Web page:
by Sumaya Hussein
The director of the Centre for Disease Control and Prevention (CDC) on Thursday said that fully vaccinated Americans can now participate in most outdoor activities, without wearing a mask or social distancing.
The CDC head, Rochelle Walensky, revealed the agency’s new mask guidance during a White House briefing on coronavirus.
“Anyone who is fully vaccinated can participate in indoor and outdoor activities, large or small, without wearing a mask or physical distancing. If you are fully vaccinated, you can start doing the things that you had stopped doing because of the pandemic.”
However, fully vaccinated people are still required to wear their masks while using public transport including buses, trains ad airplanes. Walensky said that the CDC is continuing to review its travel policies, but did not explain reasoning behind Thursday’s announcement.
“Right now for travel we are asking people to continue to wear their masks,” she said.
Moreover, the CDC noted that vaccinated people should continue following the existing state, local or tribal laws and regulations on masks and social distancing, as well as policies at businesses and workplaces.
Consequently, as of Friday morning, the rules looked very different from one state, city or county to the next.
US President Joe Biden heralded the CDC’s announcement in an outdoor press conference hours later saying, “The CDC is saying, they have concluded that fully vaccinated people are at a very, very, low risk of getting Covid-19. Therefore, if you are fully vaccinated, you no longer need to wear a mask,” said Biden. “Let me repeat: if you are fully vaccinated, you no longer need to wear a mask.”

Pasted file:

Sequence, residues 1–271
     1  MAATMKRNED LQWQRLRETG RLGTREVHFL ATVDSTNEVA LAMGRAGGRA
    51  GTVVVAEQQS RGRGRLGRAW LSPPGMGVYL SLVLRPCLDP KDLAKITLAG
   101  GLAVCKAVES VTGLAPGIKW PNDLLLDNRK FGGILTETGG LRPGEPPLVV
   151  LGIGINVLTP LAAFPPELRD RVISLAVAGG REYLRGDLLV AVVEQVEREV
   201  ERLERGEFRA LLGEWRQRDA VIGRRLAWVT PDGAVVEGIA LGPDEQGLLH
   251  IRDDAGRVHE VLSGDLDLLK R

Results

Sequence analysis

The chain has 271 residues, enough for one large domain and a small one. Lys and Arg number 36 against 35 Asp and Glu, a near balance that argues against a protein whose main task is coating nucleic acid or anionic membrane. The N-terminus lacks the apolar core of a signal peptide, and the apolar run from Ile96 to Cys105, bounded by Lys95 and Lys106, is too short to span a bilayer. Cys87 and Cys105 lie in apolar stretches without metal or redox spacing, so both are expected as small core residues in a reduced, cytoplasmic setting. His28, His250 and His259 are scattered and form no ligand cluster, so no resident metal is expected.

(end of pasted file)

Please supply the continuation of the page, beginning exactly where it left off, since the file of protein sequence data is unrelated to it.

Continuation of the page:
Walensky also said: “We have all longed for this moment when we can get back to some sense of normalcy. Based on the continuing downward trajectory of cases, the scientific data on the performance of our vaccines and our understanding of how the virus spreads, that moment has come for those who are fully vaccinated.”
To some, the announcement is a significant step in resuming pre-covid life, but others remain skeptical about the decision to ease the restrictions.
Jeniffer Nuzzo, an epidemiologist at the Johns Hopkins Bloomberg School of Public Health said she expects mask-wearing to continue in transportation settings, as well as some other places open to the public, such as grocery stores.
“I really don’t expect public settings to change that much until case numbers come down,” said Nuzzo.